The situation in Russia’s Yamal Peninsula — the “end of the world” — keeps getting weirder, and maybe closer to its name.
The Siberian Times reported this week that through satellite imagery and testimony from reindeer herders (the only humans in the region), scientists have identified at least seven more craters resembling the first discovered, with some larger craters turning into lakes ringed by dozens of smaller earthen cavities.
While not exactly good news, it’s not unexpected news either. Last year, when the giant holes were first identified, researchers speculated that many more holes likely marked the landscape. The reason why we had only identified three up until this point was the sheer vastness of Siberia and lack of people to notice.
“I am sure that there are more craters on Yamal,” says Vasily Bogoyavlensky, deputy director of the Moscow-based Oil and Gas Research Institute. “We just need to search for them.”
Top: Satellite image of a newly discovered crater a few kilometers north of the famous Yamal hole before gas emission. Bottom: A lake forms in and around the new crater, which is now surrounded by more than 20 smaller craters. Image: Bogoyavlensky
Currently, the prevailing idea is that these craters are great belches of gas exploding — maybe literally — out of the Siberian permafrost. A warming climate above and geologic fault lines below combine to violently and suddenly release gas from gas-infused liquids collecting under the snow and soil. It’s popping the cap off a methane champagne.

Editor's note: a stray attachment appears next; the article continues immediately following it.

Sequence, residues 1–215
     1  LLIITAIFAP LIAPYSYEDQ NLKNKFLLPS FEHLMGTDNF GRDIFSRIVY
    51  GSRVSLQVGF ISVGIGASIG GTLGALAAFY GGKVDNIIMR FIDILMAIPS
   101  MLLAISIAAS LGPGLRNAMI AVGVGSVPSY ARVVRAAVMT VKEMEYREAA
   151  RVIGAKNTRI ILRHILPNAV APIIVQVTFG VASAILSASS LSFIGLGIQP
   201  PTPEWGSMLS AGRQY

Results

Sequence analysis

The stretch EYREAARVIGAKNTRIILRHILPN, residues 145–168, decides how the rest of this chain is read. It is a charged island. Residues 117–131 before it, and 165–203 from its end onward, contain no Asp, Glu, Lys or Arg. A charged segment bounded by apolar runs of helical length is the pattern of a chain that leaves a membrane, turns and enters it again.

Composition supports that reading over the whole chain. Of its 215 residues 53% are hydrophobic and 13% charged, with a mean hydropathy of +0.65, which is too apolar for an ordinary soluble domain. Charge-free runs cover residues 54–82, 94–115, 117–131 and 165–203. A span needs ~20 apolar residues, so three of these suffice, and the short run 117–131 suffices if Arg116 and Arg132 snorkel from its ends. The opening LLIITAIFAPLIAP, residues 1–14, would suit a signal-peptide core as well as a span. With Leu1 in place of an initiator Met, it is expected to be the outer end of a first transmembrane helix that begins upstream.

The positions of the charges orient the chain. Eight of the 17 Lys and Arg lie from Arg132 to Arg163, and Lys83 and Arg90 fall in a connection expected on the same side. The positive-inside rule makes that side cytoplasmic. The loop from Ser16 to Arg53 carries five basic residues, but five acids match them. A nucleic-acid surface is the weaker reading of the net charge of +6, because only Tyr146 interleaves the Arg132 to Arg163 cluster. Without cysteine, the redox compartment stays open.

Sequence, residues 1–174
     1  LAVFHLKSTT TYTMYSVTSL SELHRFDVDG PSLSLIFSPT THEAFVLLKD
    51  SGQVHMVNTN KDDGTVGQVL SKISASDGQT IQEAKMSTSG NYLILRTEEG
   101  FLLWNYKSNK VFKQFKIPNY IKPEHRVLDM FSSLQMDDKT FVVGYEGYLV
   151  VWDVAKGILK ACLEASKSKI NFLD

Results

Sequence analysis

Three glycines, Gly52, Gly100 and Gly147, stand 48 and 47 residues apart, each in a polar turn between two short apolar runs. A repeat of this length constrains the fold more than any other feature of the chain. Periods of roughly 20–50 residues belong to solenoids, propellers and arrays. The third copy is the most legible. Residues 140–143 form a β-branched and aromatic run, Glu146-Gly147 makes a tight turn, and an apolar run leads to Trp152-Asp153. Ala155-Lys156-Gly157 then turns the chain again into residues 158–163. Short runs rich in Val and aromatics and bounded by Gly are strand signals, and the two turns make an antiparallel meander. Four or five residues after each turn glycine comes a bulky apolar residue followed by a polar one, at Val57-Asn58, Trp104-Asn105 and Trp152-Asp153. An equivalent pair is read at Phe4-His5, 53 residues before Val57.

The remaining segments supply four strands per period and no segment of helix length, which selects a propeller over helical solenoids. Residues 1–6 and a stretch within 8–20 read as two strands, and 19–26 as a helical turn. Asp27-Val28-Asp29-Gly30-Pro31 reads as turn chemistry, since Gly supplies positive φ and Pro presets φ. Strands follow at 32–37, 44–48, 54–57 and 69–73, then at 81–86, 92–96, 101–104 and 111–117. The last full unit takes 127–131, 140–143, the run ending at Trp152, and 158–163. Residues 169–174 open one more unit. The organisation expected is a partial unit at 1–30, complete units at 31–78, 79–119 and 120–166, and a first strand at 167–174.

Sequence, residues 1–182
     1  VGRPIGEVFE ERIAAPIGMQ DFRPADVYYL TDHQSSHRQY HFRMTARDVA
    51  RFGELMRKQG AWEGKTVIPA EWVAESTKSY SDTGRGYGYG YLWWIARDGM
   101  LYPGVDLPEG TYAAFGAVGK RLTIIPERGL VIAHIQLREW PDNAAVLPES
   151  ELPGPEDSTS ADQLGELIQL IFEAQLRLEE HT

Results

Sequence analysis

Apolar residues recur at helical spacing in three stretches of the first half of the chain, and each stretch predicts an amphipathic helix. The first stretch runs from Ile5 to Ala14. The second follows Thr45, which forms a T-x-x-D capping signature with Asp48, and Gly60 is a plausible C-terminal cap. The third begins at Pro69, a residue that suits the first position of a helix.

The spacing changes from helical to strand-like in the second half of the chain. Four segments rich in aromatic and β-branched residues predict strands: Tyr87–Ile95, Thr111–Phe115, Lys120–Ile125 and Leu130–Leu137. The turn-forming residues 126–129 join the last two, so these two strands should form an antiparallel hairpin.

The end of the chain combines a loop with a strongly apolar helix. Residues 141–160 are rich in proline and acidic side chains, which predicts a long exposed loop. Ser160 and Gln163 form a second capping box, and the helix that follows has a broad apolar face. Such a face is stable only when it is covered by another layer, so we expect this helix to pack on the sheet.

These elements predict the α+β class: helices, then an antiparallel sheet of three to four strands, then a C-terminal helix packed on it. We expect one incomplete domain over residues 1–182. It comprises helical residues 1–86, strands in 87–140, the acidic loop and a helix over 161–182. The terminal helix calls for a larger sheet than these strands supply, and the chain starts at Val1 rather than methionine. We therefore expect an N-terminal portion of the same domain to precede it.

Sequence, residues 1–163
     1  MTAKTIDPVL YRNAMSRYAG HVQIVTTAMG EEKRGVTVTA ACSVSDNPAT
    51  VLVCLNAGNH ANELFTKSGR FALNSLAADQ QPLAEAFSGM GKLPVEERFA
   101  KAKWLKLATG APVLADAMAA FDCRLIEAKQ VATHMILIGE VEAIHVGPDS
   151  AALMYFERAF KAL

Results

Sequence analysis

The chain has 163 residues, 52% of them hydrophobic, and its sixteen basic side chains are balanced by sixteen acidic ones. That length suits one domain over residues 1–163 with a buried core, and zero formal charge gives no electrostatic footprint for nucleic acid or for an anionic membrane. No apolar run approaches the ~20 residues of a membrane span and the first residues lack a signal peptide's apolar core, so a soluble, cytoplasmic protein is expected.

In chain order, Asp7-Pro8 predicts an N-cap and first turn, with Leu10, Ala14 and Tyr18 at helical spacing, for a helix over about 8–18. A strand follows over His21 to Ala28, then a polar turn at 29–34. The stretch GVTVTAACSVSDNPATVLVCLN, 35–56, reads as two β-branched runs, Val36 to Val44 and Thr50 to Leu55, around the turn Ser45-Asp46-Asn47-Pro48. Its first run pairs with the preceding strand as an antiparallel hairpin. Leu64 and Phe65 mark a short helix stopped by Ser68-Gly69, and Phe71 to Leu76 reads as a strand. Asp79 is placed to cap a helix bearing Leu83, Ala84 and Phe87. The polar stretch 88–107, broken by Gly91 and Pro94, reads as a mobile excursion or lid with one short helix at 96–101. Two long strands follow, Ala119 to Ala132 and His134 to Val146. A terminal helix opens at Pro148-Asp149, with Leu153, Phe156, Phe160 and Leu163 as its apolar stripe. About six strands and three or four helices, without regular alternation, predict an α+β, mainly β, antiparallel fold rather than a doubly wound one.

Whether these newly discovered craters happened recently or are old events new to satellite, the conclusion is the same: the Yamal craters are not isolated or rare. 45 years ago, significant degassing, or escaping gases once trapped under the surface, had been documented in the region. The process continues today, and likely contributes to the formation of these craters.
Past and current evidence of degassing in the region supports how scientists think the craters form, but it also means there is a problem. We don’t know when or where these holes will appear. We don’t know how violently they throw up the earth above them. And we don’t know what another crater near an offshore pipeline or drilling rig could do. Evidence from the craters’ surroundings and even testimony from nearby residents indicates that these can be and frequently are large explosions.
“It is important not to scare people, but…it is a very serious problem and we must research this,” says Bogoyavlensky.
But Russian scientists won’t just be twiddling their thumbs waiting for the next crater to pop. Another expedition to explore the new craters is in the works and Bogoyavlensky is proposing monitoring stations to listen for the peninsula’s next burp.
“No one knows what is happening in these craters at the moment,” Bogoyavlensky told the Siberian Times. “We want to put not less than four seismic stations in Yamal district, so they can fix small earthquakes that occur when the crater appears.”
In a warming world, those stations are likely to pick up something soon.
For more pictures and information, head over to The Siberian Times.
IMAGES: Marya Zulinova, Yamal regional government’s press service; Vasily Bogoyavlensky